The government says a new gate and a fence, about 660 feet long and 11 feet high and stretching from the Storskog border point, is needed to tighten security at a northern outpost of Europe's passport-free Schengen zone, NYT wrote.
For decades, the Nordic countries have been seen as reliable havens for asylum seekers.
But the erection of the fence, at a spot where 5,500 migrants mainly from Syria crossed into Norway last year, reflects a wider shift in public attitudes against refugees.
Sweden, Norway's neighbor, is setting up border controls this year and has toughened asylum rules.
Refugee groups and some opposition politicians say Norway's fence will deter people fleeing persecution and is an unwelcome echo of the Cold War in a region where relations have generally flourished since the collapse of the Soviet Union in 1991.
Read alsoRussia builds barbed wire fence on border with Poland – mediaThe fence will be built in the coming weeks, before winter frosts set in, to make it harder to slip into Norway via a forest. Workers have so far done some preparatory work, clearing away old wooden barriers put up to control reindeer herds.
Deputy Justice Minister Ove Vanebo defended the decision, calling the gate and fence "responsible measures."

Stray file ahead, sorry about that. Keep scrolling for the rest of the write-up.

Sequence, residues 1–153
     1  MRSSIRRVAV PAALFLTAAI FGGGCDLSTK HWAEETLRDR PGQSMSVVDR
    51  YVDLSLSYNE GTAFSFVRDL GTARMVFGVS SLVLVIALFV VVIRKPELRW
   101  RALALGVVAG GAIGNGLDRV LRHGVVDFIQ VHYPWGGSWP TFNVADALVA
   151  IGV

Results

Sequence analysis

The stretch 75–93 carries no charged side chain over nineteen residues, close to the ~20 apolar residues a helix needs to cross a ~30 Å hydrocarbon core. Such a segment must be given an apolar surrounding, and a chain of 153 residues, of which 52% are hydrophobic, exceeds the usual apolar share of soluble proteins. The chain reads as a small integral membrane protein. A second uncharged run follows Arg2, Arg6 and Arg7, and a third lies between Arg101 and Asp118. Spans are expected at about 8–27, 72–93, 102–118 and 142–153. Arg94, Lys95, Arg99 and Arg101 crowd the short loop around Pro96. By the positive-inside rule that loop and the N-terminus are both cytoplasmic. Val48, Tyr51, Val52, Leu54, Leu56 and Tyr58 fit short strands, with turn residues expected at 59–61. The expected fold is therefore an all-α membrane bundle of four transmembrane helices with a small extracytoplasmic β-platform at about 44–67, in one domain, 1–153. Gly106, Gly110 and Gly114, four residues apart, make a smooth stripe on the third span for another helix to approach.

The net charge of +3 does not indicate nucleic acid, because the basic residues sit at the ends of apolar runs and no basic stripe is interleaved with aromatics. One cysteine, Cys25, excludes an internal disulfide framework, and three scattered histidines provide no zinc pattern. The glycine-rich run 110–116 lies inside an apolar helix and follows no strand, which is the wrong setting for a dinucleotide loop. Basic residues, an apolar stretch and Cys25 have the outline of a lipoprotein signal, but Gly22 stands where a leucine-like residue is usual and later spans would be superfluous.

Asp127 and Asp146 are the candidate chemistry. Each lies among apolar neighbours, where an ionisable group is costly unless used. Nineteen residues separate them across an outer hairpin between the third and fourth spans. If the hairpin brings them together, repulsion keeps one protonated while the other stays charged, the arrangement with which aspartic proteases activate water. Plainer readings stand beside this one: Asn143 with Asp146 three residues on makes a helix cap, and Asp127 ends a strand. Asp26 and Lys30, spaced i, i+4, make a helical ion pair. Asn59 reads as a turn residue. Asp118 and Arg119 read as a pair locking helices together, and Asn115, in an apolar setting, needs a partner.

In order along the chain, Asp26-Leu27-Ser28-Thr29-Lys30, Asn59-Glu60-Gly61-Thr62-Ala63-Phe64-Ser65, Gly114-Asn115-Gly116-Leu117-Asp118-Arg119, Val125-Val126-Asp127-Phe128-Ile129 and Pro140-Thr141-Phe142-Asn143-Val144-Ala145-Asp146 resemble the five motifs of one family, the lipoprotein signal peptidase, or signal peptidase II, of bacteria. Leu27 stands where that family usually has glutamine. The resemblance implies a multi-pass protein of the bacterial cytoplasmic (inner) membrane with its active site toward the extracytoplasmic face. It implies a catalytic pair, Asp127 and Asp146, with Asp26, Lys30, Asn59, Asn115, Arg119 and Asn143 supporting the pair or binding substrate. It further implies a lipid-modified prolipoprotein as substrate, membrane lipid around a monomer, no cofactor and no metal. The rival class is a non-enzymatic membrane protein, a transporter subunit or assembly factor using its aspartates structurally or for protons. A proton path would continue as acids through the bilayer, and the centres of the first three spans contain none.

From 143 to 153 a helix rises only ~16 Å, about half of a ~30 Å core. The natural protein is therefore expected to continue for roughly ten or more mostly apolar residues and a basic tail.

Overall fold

Leaders in Moscow and Oslo have cracked down on the Arctic route, which some refugees found safer than crossing the Mediterranean by boat, since last year's inflow of migrants.
So far this year, no one has sought asylum via the northern frontier, according to the Norwegian Directorate of Immigration.
"I can't see a need for a fence," said Rune Rafaelsen, the mayor of the Soer-Varanger region which includes the border. "There are too many fences going up in Europe today," he added, pointing to barbed wire in nations such as Hungary.
Russia still maintains a fence the length of the 120-mile frontier with Norway, sometimes several kilometers back from the dividing line. It has not complained about the Norwegian plans to build a fence.
But Mr. Rafaelsen, of the opposition Labour Party, said the region had made great progress in improving civilian ties since an Iron Curtain divided Norway from the Soviet Union and he, and others, saw the plans for a fence as a backward step.
"We've an obligation to be a country people can flee to," said Linn Landro, of the Refugees Welcome group in Norway. "The fence sends a very negative signal, including to Russia because it says that 'we don't trust you.'"
Norwegians and Russians in the region can visit visa-free for short trips. About 250,000 people crossed the border last year, a decline from recent years though far above the 5,000 a year during the Cold War.